Condominium

Noce: What is bare land co-ownership and how is it insured?

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Question: I live in a townhouse style bare earth condominium complex. I don’t quite understand what a bare land condominium complex really means. The owners have a dispute with the council regarding our insurance obligations. What type of insurance does our bare land condominium company need to carry in order to protect our homes? Please help me!

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Answer: A bare land condominium complex is very different from a conventional condominium complex. In a bare land condominium complex, owners own their individual land (or parcel of land), as well as the building(s) on their land. It is the opposite of a conventional condominium complex where owners collectively own the land (i.e. common property) and individually own their units. When you buy a condominium unit on bare land, you need a real estate report. When you buy a conventional condominium unit in a low-rise, mid-rise, or high-rise apartment building, you do not need a real estate report.

Regarding your question about insurance, condominium corporations generally have certain insurance obligations with respect to the repair and maintenance of units in the event of an insured loss.

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However, bare land condominiums are a special type of condominium and the insurance obligations that generally accompany conventional condominium projects do not necessarily apply. Sections 61(1) and (2) of the Condominium Regulations set out the risks against which condominium corporations must insure.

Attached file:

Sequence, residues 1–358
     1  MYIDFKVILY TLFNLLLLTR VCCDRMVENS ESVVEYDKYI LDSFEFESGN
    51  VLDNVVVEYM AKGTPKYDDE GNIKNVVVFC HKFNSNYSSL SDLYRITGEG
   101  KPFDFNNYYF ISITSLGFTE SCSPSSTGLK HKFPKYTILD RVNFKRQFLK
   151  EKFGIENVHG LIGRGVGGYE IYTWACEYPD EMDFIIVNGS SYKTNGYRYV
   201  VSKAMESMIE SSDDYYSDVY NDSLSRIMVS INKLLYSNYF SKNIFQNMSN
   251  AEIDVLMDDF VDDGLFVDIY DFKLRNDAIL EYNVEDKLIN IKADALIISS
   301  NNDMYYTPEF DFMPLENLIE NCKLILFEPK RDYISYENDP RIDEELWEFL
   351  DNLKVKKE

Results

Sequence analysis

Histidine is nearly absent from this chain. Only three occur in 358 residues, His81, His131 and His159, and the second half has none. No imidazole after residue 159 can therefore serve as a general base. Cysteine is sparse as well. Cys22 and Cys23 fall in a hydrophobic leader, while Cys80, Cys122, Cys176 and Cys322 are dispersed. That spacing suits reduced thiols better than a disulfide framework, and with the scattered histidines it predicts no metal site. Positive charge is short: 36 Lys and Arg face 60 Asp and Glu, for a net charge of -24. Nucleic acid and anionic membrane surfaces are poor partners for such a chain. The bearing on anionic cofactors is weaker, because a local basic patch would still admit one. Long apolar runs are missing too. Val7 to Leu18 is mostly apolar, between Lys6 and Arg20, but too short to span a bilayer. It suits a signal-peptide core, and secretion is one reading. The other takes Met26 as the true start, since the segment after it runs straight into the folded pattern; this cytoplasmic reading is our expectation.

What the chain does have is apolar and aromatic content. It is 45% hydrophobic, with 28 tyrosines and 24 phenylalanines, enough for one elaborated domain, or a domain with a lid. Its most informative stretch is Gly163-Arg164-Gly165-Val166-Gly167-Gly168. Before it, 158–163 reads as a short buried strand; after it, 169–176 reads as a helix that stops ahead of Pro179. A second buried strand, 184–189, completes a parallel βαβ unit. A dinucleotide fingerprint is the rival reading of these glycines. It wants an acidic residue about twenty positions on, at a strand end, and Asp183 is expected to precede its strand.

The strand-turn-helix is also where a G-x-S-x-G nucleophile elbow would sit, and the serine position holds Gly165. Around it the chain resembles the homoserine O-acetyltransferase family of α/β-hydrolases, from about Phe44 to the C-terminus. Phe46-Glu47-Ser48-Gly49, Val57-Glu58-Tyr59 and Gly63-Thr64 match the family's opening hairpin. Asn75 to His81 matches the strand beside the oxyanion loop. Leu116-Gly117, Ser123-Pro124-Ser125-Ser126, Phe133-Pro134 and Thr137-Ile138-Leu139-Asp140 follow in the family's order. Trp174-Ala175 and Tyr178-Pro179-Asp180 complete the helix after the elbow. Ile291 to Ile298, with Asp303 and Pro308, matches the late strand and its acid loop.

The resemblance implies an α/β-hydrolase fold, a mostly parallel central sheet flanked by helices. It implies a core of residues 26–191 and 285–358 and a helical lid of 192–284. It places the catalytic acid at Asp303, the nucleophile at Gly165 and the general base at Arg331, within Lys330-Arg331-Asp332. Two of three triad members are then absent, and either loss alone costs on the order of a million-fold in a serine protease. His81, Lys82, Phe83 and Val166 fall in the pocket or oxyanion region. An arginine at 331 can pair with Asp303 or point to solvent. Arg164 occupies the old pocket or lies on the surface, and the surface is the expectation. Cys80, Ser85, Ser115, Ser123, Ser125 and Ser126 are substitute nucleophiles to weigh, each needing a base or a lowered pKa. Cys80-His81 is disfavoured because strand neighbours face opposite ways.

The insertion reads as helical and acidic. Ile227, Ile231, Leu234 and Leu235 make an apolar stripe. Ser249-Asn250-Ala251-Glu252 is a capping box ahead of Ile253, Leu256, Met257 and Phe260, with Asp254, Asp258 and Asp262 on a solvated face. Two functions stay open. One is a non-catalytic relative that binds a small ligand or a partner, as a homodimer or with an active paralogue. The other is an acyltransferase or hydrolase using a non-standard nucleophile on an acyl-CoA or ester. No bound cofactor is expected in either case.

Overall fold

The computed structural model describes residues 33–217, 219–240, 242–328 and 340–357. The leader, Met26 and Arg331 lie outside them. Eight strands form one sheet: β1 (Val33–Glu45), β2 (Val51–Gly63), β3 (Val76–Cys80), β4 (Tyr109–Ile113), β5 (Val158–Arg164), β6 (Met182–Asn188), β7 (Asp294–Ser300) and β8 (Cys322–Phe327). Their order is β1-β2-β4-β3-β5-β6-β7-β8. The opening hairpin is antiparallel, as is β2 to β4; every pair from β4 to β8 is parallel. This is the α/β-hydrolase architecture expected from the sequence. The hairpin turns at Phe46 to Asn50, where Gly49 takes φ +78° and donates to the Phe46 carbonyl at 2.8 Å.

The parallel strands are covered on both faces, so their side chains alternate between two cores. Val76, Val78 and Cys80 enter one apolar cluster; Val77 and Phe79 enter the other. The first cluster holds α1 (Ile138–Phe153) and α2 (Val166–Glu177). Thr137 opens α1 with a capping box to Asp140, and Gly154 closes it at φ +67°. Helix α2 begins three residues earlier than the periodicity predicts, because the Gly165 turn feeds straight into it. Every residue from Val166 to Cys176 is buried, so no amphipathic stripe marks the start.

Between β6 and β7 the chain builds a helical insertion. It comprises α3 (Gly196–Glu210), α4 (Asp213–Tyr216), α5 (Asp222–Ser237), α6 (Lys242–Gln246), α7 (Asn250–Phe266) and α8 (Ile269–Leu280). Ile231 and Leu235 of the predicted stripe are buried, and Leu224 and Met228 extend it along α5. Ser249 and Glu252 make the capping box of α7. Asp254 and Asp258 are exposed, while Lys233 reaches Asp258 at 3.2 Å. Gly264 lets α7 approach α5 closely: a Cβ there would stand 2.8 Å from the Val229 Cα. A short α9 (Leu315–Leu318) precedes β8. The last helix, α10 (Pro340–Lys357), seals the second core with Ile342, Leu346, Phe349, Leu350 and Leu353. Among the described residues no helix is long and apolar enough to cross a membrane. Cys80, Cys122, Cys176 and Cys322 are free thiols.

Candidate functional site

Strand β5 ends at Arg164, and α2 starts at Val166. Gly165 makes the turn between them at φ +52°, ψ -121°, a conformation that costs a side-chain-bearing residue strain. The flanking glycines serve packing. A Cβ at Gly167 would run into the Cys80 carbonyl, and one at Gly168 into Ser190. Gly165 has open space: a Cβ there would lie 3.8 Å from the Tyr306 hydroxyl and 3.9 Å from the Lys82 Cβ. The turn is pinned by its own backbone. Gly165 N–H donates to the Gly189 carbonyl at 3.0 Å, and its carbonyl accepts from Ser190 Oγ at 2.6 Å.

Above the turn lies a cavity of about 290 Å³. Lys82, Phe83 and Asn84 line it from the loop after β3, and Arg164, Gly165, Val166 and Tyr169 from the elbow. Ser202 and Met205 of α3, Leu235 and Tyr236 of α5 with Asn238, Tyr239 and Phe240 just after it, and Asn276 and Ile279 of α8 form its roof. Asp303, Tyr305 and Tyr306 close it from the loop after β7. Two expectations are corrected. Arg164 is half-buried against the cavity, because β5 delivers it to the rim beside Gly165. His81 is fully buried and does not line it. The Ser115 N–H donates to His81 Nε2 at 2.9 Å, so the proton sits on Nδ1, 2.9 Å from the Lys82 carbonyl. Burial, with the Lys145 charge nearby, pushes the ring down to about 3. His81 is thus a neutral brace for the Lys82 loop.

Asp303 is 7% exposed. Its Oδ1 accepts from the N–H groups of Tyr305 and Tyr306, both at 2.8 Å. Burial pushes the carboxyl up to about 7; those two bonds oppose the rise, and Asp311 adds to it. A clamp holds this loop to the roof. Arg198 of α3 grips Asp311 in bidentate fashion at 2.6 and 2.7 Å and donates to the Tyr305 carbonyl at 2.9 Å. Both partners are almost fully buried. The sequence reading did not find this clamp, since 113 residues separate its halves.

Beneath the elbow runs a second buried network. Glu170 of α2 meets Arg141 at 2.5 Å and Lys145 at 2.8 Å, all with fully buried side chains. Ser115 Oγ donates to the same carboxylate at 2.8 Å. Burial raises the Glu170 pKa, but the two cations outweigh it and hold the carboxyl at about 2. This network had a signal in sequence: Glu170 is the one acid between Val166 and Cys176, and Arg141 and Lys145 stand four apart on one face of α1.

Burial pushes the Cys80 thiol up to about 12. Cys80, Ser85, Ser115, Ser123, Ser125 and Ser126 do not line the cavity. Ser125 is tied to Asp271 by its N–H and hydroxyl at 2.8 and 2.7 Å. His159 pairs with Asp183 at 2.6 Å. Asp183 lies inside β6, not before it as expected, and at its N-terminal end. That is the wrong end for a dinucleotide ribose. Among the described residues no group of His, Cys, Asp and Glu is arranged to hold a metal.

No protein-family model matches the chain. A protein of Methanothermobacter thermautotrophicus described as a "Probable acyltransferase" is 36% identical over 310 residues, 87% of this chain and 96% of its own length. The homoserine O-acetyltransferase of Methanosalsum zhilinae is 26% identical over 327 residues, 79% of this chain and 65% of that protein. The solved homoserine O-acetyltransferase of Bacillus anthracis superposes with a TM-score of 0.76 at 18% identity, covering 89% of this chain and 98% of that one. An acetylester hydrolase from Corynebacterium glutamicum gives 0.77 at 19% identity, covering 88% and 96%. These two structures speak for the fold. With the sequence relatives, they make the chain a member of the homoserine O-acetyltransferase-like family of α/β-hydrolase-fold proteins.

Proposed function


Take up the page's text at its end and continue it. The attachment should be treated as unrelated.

With respect to bare land condominium units, the condominium corporation is therefore only required to insure against the risks to which the bare land units or any managed property are exposed, pursuant to s. 61(2) of the Condominium Regulation, unless other insurance obligations are imposed on the condominium corporation by its by-laws. Therefore, a review of your regulations is essential to answer your question. Your bylaws will outline the responsibilities of owners and the condominium corporation, if any.

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Useful advice: Without your bylaws, I am unable to comment on the extent of coverage the condominium corporation should obtain. This is a task best left to an insurance broker. The condominium corporation and the insurance broker should review the condominium corporation’s insurance and maintenance obligations with respect to the units. Also, a review of the condo corporation’s standard insurable unit description will help answer some of your questions. The SIUD is designed to provide more clarity to owners and condominium associations regarding their respective insurance obligations.

Roberto Noce, QC, is a partner at Miller Thomson LLP in the Edmonton and Calgary offices. He welcomes your questions at [email protected] The responses are not intended as legal advice; readers are cautioned not to act on the information provided without seeking legal advice on their particular circumstances. Follow Noce on Twitter at @RobertNoce.

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